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Trump’s Federal Judiciary Appointments: The Politics Daily

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Who are these Trump-appointed judges? Something like 70 percent of them are white men. And many of them are legal descendants of Clarence Thomas, the notoriously silent Supreme Court justice: Roughly one-fifth of his former clerks are either in the Trump administration or have been nominated by Trump to the federal bench.

Federal judges play key roles in hashing out consequential cases hanging in limbo. To name just a few our writers have touched on recently:

Another ongoing lawsuit from House Democrats looks at whether Trump is legally obligated to release his tax returns.

Just last week, a U.S. federal appeals court revived a lawsuit accusing the president of profiting off the presidency through his business empire of hotels and restaurants.

And last week, the Supreme Court allowed the Trump administration to proceed with its “safe third country” plan—pending legal challenges in the Ninth Circuit Court of Appeals.

— Saahil Desai

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What Else We’re Following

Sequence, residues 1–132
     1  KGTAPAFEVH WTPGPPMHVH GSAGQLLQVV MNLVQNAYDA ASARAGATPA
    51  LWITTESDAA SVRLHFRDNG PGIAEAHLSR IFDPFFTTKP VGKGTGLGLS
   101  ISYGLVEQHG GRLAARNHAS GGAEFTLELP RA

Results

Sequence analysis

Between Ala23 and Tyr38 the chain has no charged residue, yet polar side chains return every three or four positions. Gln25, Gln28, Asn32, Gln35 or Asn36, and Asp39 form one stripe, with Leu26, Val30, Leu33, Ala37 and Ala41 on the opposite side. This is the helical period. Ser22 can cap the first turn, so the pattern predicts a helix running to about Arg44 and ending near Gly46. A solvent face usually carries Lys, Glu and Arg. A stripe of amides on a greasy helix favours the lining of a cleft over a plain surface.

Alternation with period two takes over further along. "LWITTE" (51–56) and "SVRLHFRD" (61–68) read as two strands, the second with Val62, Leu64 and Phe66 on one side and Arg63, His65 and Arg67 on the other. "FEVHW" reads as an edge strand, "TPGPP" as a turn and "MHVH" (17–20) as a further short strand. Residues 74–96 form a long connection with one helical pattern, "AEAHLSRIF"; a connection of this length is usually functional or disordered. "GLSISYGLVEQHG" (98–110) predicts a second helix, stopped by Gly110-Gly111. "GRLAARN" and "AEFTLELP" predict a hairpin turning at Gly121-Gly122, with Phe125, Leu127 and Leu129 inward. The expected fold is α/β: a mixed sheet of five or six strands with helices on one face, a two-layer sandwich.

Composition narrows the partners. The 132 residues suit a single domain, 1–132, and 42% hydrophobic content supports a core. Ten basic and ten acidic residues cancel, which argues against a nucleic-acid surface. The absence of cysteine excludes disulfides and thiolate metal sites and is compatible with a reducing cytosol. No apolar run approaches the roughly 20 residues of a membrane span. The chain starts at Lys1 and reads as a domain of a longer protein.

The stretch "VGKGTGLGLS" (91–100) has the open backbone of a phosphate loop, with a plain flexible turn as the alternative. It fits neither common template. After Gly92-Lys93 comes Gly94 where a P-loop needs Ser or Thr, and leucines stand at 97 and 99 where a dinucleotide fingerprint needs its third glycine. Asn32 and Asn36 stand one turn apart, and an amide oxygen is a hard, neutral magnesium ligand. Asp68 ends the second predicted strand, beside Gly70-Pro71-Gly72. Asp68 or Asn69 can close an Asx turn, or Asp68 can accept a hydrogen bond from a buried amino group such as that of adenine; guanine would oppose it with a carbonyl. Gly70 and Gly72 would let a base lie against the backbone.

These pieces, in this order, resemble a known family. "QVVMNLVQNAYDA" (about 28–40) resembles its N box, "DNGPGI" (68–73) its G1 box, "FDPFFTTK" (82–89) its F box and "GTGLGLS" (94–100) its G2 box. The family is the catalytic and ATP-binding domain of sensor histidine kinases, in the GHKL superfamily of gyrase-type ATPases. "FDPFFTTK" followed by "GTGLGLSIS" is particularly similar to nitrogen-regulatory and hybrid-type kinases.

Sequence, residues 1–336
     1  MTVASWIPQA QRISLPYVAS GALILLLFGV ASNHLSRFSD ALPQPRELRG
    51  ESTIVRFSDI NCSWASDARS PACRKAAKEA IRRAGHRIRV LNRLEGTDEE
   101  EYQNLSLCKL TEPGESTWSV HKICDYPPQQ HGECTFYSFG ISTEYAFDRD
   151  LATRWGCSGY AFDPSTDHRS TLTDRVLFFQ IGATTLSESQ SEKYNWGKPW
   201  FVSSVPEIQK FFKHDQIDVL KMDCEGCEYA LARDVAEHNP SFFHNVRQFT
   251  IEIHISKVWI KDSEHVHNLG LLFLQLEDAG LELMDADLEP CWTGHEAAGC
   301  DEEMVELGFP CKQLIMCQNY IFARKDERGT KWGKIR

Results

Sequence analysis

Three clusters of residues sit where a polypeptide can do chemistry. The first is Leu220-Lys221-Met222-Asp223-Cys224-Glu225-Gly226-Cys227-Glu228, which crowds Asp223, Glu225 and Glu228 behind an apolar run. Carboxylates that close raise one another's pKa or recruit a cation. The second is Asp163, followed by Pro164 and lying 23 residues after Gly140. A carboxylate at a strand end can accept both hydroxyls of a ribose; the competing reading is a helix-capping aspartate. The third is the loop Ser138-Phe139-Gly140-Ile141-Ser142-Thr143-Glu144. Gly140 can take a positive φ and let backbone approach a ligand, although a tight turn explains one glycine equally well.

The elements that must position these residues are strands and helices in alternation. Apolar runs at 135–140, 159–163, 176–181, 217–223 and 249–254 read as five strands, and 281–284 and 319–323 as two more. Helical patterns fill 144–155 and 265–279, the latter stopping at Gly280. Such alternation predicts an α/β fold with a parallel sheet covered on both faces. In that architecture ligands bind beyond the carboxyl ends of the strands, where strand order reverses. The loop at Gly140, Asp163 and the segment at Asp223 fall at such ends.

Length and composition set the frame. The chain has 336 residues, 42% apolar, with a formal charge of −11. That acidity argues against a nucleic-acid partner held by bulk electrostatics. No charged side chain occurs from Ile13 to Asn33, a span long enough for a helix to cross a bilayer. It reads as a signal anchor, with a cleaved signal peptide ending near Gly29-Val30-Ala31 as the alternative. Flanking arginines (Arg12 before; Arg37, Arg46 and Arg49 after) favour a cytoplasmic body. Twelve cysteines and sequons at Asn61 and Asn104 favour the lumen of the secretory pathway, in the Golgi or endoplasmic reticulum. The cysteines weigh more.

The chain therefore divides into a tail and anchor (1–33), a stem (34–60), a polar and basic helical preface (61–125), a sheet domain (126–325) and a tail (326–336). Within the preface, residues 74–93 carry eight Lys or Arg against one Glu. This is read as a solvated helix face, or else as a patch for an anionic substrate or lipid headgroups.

Michael Bennet is still running for president. (Samatha Sais / Reuters)

The Michael Bennet Baffler. What does it mean when the senior senator from Colorado, serving in Congress since 2009, can’t crack 1 percent in polling or stand out in the Democratic primary? George Packer reflects on the senator’s bid, and how in a different era, Bennet’s future might’ve been brighter.

Saudi Arabia oil refineries; accusations against Iran—what’s going on? Here are seven questions to settle, David Frum writes, before the U.S. jumps into retaliatory measures. The first: Are we sure Iran was responsible?

All presidents are technically, by definition, “presidential.” But President Trump has, well, stretched the term. Historian David Greenberg looks at the evolution of presidential-iness over time. Was Thomas Jefferson presidential? Was Richard Nixon?

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🗓 THE WEEK AHEAD

Monday, Sept. 16: The president holds a Keep America Great rally in New Mexico, now a more solidly blue state. Also: Catch former press secretary Sean Spicer in his debut on Dancing With the Stars, if that’s your jam.

Tuesday, Sept. 17: Israelis head to the polls for the second time in less than six months after Prime Minister Benjamin Netanyahu, who has maintained a tight relationship with President Trump, failed to secure a parliamentary majority in April.

Wednesday, Sept. 18: Youth climate activist Greta Thunberg testifies to the House Foreign Affairs and Climate Crisis committees about the ongoing threat of climate change.

Thursday, Sept. 19: For the first time in more than two decades, the House holds a hearing on D.C. statehood. (Energy behind making the U.S. capital the 51st state has come and gone and come around again over the years.)

Friday, Sept. 20: Australian Prime Minister Scott Morrison visits the White House.

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Our Reporters Are Also Reading


Brett Kavanaugh Fit In With the Privileged Kids. She Did Not. (Robin Pogrebin and Kate Kelly, The New York Times) (Paywall)



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